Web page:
Not only will payer mix affect provider revenues per visit, the lost patient capacity attributable to the additional time cleaning and maintaining appropriate patient spacing will likely result in a decrease in patient volume. Allowing an extra ten minutes an hour for these activities would translate into reduced patient through-put by 16.7% for a practice that operates eight hours per day. Some providers may choose to extend office hours in order to increase capacity; however, the gains will likely be partially offset by higher operating expenses.
Increased Reliance on Telemedicine for Certain Specialties
For some providers, telehealth visits have increased substantially due to restrictions on re-opening and patients who are wary of in-person visits. These virtual visits could prove beneficial to the financial health of the practice during the pandemic. There is some downside, however, as telemedicine could potentially cannibalize higher reimbursed in-person office visits.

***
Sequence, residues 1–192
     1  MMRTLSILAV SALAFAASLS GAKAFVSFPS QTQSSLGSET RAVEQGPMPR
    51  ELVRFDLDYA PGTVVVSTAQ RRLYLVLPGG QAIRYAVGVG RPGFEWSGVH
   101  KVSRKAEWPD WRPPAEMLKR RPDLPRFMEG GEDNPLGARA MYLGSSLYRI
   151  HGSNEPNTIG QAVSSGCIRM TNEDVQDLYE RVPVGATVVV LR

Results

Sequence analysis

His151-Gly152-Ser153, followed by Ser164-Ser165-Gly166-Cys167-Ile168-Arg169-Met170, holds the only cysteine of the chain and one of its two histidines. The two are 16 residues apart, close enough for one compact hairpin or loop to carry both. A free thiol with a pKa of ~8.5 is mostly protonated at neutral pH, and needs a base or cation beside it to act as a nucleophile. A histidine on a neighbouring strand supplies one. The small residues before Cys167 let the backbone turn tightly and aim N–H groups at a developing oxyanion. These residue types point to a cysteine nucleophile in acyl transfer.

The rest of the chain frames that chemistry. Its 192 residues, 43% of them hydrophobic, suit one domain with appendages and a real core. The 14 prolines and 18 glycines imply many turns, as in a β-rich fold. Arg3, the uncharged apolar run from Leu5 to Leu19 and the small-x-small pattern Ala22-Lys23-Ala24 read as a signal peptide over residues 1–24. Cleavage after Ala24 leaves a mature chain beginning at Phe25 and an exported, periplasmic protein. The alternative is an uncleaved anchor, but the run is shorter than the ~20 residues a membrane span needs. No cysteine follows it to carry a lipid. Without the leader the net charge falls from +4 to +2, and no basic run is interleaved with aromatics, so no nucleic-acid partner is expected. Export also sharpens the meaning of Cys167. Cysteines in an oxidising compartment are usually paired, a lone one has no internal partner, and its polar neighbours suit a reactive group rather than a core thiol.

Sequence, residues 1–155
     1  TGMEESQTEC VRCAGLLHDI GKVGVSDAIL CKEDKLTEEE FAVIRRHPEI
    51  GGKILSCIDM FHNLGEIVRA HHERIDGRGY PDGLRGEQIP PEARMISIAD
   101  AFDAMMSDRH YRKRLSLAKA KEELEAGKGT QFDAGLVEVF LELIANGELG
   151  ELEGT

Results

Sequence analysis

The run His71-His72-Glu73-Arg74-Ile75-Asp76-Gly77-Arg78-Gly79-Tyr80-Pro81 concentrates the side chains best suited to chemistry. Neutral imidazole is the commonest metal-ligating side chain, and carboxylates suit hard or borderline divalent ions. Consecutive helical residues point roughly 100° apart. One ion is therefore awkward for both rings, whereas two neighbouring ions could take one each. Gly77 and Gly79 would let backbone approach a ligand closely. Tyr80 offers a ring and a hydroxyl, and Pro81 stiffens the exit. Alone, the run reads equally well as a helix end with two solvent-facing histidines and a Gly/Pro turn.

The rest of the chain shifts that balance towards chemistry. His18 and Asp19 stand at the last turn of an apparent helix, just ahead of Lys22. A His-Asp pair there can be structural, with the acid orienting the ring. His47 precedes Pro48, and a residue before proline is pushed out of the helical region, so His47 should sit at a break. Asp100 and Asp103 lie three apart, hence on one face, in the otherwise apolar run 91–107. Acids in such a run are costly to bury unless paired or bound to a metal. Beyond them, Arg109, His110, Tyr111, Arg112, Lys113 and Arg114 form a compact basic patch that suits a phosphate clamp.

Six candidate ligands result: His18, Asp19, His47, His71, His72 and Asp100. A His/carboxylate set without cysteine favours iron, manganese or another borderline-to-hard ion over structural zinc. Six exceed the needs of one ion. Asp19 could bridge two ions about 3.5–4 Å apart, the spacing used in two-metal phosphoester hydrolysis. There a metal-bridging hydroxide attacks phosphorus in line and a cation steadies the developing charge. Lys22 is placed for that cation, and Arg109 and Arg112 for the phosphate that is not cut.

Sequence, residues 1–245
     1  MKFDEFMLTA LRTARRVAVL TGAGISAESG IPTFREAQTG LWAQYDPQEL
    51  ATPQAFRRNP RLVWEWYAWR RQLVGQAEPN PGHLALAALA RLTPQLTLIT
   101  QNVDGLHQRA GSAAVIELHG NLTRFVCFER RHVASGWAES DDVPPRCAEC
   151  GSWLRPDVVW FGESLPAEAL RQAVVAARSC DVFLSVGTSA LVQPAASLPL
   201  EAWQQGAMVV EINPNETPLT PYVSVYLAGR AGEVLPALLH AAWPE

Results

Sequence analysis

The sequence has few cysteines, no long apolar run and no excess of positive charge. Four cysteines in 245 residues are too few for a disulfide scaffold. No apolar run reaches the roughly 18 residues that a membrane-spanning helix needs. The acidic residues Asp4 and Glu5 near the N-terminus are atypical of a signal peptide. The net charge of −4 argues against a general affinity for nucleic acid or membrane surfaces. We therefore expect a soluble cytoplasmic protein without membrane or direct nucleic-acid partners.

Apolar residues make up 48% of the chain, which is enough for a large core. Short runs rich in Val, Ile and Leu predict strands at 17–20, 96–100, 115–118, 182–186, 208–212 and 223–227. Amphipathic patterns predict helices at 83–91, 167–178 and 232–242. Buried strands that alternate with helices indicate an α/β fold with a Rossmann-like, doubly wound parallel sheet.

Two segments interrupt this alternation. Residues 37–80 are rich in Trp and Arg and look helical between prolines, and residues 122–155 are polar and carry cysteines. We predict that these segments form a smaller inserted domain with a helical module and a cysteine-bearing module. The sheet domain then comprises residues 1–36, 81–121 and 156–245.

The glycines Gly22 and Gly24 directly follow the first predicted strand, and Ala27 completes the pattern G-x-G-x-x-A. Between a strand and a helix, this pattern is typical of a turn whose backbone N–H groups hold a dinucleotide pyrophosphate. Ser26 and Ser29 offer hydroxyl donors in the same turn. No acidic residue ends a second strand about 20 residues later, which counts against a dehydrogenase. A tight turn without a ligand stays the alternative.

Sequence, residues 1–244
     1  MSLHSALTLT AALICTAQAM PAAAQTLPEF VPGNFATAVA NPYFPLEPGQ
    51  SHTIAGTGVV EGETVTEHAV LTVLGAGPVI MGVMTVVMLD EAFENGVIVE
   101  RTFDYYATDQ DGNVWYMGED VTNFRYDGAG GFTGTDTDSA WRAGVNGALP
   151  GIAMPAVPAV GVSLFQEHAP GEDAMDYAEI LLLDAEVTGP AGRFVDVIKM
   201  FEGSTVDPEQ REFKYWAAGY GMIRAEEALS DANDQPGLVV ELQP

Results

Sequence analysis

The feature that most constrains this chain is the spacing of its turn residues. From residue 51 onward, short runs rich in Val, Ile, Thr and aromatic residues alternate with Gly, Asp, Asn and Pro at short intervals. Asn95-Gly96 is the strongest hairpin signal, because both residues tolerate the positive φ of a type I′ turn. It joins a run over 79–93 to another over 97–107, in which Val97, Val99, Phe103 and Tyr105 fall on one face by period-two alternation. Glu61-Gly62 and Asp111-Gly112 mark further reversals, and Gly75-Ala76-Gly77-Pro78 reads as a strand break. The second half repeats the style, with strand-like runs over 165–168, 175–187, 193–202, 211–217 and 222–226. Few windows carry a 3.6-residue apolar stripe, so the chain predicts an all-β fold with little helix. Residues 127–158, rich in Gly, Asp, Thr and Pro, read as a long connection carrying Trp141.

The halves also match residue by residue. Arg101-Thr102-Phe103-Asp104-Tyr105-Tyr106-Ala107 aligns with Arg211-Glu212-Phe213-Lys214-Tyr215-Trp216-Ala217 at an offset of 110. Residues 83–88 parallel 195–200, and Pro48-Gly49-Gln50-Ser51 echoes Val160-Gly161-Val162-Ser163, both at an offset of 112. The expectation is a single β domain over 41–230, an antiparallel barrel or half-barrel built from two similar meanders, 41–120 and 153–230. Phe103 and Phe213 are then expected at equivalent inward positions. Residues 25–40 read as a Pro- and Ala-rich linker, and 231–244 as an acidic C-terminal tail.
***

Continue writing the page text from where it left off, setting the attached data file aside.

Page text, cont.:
In addition, providers are limited in the acuity level of patients that can be treated through telehealth visits. Providing telehealth services, could also require changes to staffing and appointment scheduling, as well as increase certain costs associated with implementing the infrastructure needed to support telemedicine with the practice. It will be prudent to monitor whether certain telehealth regulatory waivers will be extended or made permanent, due to the impact such waivers would have on the value of certain healthcare entities. Some states have already moved to make many of the changes permanent.
Impact of the New Normal on the Income Approach